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How the tastes / habits change

Circa 2003, I was stuck in a never-ending maintenance (read DEAD) project in good old VB6, and although I had posted my resume on many job sites, obviously there weren’t any takers. While my Java brethren were happily landing plum offers. Enter .Net and my saviour C# – as soon as I came to know about this platform and language, I realized here’s my chance to enter into the mainstream world of OO languages and I chose C# over VB.Net because of my liking to Java, my familiarity with the syntax of C family of languages , as well as the stigma 😉 attached to the VB6 developers as not serious ones.

After some initial struggle, I got into a new company and a new project in .Net with C# using VS 2000. One of my close friends, Dhawal Mehta, at the very same time was working on another project in .Net using VS 2000 but in VB.Net. Sometimes we used to have discussions as to which language was better. No marks for guessing who was supporting which. I obviously, vehemently opposed VB.Net and favored C#, so Dhawal gave me a concrete example – in those days, if you declared a delegate and tried to call it asynchronously, the VS didn’t give you any intellisense in C# for the BeginInvoke or EndInvoke methods, but it used to show the intellisense for VB.Net so I told him, that it’s the IDE problem and not a language problem.

So he asked me once, why do I hate VB.Net so much. I told him plainly, that it is too ‘verbose‘. He reluctantly agreed to it. After some time, he had to work in .Net using VS 2000, but this time he had to use C# 🙂 And boy, he was hooked to it and got my point of view – VB.Net is definitely verbose he said.

Circa 2008 – I’ve been happily working on the .Net platform using C# as the language. I am reading Ayende’s book on DSLs in Boo and of course Boo is a great language. It has many advanced fundas like open compiler pipeline, which I am not thorough with yet, but have a look at the pic. below –

languagecomparison

Don’t you think even C# has a lot of noise in the form of line ending “;”, curly-braces etc. There are so many other features which make even C# look verbose in comparison to Boo. e.g. you might have seen some coding guideline (for C#) that even if there is a single line statement in the if condition, you must enclose it in { }? The oft quoted reason is that tomorrow somebody else should not accidentally put a line of code, which becomes a part of the if statement. However, Boo works on indentation – just indent the statements after “if” and they form the “if” part of the if-condition. Plain and simple. No noise. And no need for coding guideline that I mentioned above.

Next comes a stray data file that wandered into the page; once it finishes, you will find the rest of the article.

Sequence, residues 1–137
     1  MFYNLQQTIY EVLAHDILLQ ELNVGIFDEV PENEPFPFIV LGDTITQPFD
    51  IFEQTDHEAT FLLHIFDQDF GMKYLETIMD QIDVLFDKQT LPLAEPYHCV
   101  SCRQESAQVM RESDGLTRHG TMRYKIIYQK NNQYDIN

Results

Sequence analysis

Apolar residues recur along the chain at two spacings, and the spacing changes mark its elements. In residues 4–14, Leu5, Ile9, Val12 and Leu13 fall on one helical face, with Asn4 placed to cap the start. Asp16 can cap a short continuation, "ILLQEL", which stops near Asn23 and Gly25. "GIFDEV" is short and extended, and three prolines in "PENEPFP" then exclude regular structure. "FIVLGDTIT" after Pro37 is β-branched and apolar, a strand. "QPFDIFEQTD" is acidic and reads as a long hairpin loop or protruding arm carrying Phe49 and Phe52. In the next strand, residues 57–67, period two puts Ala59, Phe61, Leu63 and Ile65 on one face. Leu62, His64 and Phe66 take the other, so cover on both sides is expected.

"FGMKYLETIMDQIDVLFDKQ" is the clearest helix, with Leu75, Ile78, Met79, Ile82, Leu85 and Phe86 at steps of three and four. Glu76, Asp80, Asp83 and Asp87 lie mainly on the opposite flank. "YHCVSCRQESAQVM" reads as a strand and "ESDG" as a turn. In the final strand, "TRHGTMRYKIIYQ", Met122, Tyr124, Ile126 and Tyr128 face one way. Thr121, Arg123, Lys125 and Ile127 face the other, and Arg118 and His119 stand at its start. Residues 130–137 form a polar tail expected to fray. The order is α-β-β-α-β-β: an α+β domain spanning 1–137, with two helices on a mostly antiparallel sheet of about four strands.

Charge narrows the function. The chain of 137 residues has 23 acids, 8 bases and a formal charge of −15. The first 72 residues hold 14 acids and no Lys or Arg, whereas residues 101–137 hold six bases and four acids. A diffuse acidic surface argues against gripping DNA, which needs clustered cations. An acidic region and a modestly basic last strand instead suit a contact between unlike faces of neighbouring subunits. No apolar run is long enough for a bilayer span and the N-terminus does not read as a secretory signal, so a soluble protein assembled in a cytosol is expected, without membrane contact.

Definitely, it takes some time to get used to it, but just work on it for some time, and I am sure you’ll get addicted.

If you like what you’ve read then please read the Ceremony vs. Essence part of this post, and this one from Neal Ford. And just think, an important concept like design patterns (some of them) is ceremony for some folks 🙂 Similarly, this post states that Strategy pattern exists because there is no place for a function in an OO language outside of a class!!! Starting to make sense to me plus the fact that MapReduce kind of things can’t be done with plain OO.

I know the example I’ve given is too simplistic, but essentially, I’ve started feeling that I am working with a high ceremony language.  Looks like it’s definitely time for me to start exploring the dynamic or functional territories.

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